Clough would be proud as O’Neill era finally takes flight
In a single campaign Hoolahan has gone from luxury player to beating heart of side
Martin O’Neill masterminded one of the most famous wins in Irish sporting history against Germany on Thursday night - but now attention turns to Poland. Photograph: Inpho
Thursday night belonged to the O’Neill men. In Dublin, the team managed by Martin revived, suddenly and without warning, the belief that Irish football teams can summon a collective will to achieve results above all reasonable expectation. On logic and on paper and on tradition and all principles of common sense, a weakened Republic of Ireland team, ranked 54th, should not have beaten the world champions Germany. National stereotyping has long held that the Germans are wedded to logic and a cursory examination of the Irish team sheet must have convinced Joachim Loew and his squad that it could only be a matter of how many goals. Ireland should not win.
And yet they did and with an attitude of sustained valour and commitment and fearlessness which gave Irish people in the stadium and watching across the country old, familiar shivers of pride. This was the Irish football team of myth: punching above its weight, indefatigable and, finally, unbeatable. The terrace anthem, ‘You’ll Never beat the Irish’ had, particularly after the scarifying experiences at the hands of Spain and Croatia at the European championships of 2012, come to acquire a blackly comic edge. Now, its relevance has been restored.
Not long after Shane Long’s audacious strike, Karim Bellarabi took possession of the ball along Ireland’s right flank. The compactness of Ireland’s defensive structure gave Germany the run of both flanks all evening and the sight of Robbie Brady and Geoff Hendrick full-out sprinting to close down Mesut Ozil or Mattias Ginter or Marco Reus as they leisurely studied the Irish penalty area for a striker (and wishing Miroslav Klose was there...) became a common sight.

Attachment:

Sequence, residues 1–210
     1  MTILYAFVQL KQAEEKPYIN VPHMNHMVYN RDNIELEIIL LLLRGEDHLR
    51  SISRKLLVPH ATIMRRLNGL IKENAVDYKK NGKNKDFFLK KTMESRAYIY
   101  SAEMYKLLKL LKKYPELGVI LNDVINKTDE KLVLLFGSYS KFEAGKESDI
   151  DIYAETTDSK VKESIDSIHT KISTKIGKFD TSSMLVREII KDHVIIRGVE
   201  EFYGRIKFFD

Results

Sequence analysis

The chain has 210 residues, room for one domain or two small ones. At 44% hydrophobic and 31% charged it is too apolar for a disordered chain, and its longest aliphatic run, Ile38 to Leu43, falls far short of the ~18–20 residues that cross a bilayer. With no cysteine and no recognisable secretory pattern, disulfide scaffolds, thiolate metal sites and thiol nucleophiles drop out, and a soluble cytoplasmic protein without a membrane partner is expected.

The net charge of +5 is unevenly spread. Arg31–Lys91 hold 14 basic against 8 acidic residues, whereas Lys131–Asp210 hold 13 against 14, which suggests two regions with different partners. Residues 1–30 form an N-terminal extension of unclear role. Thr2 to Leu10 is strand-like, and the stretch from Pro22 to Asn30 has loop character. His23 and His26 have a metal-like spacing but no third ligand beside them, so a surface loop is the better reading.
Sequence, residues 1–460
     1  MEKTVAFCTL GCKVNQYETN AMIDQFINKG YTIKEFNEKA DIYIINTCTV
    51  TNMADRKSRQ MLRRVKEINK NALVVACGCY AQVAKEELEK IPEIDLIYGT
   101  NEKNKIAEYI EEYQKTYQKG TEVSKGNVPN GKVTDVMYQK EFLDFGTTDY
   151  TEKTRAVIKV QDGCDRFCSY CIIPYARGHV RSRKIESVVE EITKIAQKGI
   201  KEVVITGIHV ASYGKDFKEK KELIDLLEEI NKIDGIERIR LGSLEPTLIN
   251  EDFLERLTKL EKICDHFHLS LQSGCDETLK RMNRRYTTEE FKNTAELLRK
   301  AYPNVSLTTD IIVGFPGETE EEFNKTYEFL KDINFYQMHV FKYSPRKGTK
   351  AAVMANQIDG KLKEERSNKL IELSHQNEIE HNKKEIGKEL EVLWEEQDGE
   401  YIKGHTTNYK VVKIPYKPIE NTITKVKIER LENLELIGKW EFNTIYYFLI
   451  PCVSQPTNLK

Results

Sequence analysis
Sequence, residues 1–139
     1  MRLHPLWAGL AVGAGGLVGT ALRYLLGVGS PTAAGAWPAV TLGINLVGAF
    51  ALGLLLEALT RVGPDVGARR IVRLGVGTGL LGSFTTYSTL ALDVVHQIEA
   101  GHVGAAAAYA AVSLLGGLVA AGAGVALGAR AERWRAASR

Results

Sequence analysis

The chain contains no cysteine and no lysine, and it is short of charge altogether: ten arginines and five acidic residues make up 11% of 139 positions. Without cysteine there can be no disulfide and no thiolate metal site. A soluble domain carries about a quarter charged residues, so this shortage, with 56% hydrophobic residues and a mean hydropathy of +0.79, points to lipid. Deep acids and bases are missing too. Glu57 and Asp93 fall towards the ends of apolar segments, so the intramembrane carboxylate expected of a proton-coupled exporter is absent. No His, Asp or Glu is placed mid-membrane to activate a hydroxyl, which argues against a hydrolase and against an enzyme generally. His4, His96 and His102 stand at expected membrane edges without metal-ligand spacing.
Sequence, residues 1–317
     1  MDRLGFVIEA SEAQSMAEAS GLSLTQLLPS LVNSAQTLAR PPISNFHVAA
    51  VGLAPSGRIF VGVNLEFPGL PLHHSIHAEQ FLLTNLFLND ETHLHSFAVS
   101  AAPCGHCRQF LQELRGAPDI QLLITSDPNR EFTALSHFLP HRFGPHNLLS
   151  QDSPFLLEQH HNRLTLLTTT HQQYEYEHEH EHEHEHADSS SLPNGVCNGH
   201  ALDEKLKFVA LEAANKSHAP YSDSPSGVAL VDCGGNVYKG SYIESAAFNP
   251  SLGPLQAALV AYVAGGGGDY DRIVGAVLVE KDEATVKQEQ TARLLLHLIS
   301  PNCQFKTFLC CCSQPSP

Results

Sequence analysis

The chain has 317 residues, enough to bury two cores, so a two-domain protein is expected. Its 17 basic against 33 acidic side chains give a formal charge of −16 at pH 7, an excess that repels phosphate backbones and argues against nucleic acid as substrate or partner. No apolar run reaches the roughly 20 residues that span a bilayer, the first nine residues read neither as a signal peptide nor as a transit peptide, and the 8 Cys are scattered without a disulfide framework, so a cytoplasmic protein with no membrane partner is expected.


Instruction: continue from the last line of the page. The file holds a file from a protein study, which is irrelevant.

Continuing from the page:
In this instance, Brady got his body in the way of Bellarabi’s cross and Wes Hoolahan, who covered acres of ground, joined his team-mate in the sprint for possession near the endline. Brady tackled again and Hoolahan won possession before Bellarabi and, with his back to the field, neatly back heeled it into Ireland’s penalty area for Brady to collect. He couldn’t have known that his team mate had fallen after the tackle. So instead, Hoolahan’s pass rolled towards a German player and thousands of Irish supporters emitted a simultaneous falsetto scream of horror in the seconds before David Myler thumped the ball clear.
If Brady had been on his feet and waiting to receive the pass, the passage of play would have been lauded as an example of Hoolahan’s regal composure.
It would have been beyond cruel if the stray pass had resulted in a German goal because for all evening, Hoolahan’s smoothness and invention on the ball was the one element of Ireland’s play which befuddled the Germans. They didn’t enjoy James McCarthy’s physical, biting impudence and became vexed by the regularity with which John O’Shea and Richard Keogh managed to interrupt their final pass with a stretching toe-poke or a last-gasp block and they became increasingly irritated, too, by Jon Walter’s bustling, clever use of possession in the last ten minutes, when it suddenly dawned on the Germans that the impossible- an Irish win- was materialising before their eyes.